The organizers of South by Southwest, the annual Austin, Texas, music festival that everyone thinks is going to be their big break, is beginning to roll out names of invited bands, and Portland, so far, has a decent showing. The list on the SXSW website currently includes the Clorox Girls, Derby, Richmond Fontaine, the Gossip, Miss Murgatroid and Petra Haden, the Nice Boys, the Standard, the Village Green and Viva Voce. Portland's Arena Rock Recording Company is also reportedly hosting a showcase at the March 14-19 festival, which will include Talkdemonic, the Kingdom and Swords. Surely, there is more to come. >> Management at Berbati's Pan, which recently laid off booker Chantelle Hylton, has reportedly hired one of its security personnel to run booking at the club. How this will change the club is unclear, but Hylton, who currently books Towne Lounge and runs Blackbird Presents, had this to say about the situation: "The entire music-booking format at Berbati's Pan probably needed to change for the club to find its place among the zillions of other music venues in Portland. Perhaps a more successful formula would include a focus on developing the downtown dance-party vibe as a staple."

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Obo Addy Jan 20 and 22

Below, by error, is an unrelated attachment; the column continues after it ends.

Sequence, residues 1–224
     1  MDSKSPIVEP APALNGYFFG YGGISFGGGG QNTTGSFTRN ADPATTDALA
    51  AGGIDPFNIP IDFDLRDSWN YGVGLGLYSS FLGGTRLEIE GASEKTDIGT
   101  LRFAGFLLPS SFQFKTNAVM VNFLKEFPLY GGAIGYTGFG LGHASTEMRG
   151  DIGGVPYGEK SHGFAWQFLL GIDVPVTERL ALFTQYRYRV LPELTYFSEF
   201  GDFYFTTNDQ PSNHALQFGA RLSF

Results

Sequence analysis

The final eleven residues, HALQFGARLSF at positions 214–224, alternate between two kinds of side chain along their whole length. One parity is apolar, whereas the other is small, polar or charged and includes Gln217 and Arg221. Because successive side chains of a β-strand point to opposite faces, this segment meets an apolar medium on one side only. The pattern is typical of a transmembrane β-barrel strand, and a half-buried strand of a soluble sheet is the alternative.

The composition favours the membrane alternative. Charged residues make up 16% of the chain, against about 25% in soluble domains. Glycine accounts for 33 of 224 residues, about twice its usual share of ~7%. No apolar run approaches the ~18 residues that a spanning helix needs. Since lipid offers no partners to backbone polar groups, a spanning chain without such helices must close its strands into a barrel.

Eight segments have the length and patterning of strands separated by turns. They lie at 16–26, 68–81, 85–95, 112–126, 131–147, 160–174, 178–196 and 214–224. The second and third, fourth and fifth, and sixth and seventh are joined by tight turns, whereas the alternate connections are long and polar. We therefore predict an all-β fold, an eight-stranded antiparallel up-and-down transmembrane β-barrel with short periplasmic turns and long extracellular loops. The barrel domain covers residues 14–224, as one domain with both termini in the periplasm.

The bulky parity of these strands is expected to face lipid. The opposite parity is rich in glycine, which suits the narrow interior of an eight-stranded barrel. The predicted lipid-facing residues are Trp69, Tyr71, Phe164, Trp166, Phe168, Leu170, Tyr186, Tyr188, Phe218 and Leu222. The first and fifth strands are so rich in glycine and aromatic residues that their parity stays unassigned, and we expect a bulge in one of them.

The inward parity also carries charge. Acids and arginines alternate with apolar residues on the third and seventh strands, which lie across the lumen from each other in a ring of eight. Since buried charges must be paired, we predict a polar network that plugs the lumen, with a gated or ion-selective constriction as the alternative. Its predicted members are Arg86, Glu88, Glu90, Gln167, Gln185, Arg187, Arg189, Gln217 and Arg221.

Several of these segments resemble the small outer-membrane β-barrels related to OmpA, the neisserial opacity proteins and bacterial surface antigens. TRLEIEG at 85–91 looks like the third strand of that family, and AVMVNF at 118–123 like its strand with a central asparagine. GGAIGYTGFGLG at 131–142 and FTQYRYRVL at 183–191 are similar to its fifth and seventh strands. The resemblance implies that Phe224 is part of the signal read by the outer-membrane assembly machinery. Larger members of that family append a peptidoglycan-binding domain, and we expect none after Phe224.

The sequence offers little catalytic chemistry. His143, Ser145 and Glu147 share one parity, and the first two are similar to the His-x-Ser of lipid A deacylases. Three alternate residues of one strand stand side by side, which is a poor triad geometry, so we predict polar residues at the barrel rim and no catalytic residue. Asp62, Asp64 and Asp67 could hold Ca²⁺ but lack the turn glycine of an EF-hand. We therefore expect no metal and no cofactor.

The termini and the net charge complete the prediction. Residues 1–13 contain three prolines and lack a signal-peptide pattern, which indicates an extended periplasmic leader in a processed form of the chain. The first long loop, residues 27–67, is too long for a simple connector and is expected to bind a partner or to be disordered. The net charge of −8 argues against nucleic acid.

Father of World Beat joins the septuagenarian club.

[WORLD BEAT] When he came to Portland in the 1970s, drummer Obo Addy had already changed the world of music as one of the first artists to fuse traditional African folk music to Western pop, making him one of this city's greatest musical transplants. Although he might be better known to some here for a trademark dispute with his nephew (see "Addy vs. Addy", WW, Feb. 26, 2003) and as an instructor at Lewis & Clark College, the Ghana-born drummer is known around the world for his musicianship. Addy, who celebrates his 70th birthday this weekend, spoke to WW by phone from South Carolina, where he was giving a workshop and seeing one of his symphonic compositions performed. JASON SIMMS.

WW: You were declared a master drummer at age 6. Do you remember much about learning how to drum?

Obo Addy: In my society, we are taught by watching and listening. They don't sit you down to teach you things, and we don't very much like questions. That's the way I teach. I tell everybody we're going to watch and listen, that we're not going to write things down. When you learn that way, you don't forget it. When you learn from writing and things like that, then anytime you want it, you have to look at the paper before you remember.

Your Homowo festival had an audience in Portland, but some people say the city lacks diversity. What do you think?

The people who are at the festival become a little more diverse because they enjoy something from another country. In Portland, we have people who are interested in things from other countries, but we could have more of them.

Are there fewer of them here than other cities?

Compared to other cities, I think [the number of people interested in other cultures in] Portland is low. But I like the challenge, and I like to be in a medium-size city, to start there and spread it to other states. The people in Portland are warm.

Have the court-ordered quotation marks around your nephew Obuama's nickname, OB, helped with the trademark dispute?

It's helped the confusion a lot. I don't see misprints in the paper anymore. He uses his group's name, I&I, more than OB.

What can we expect at your 70th birthday show?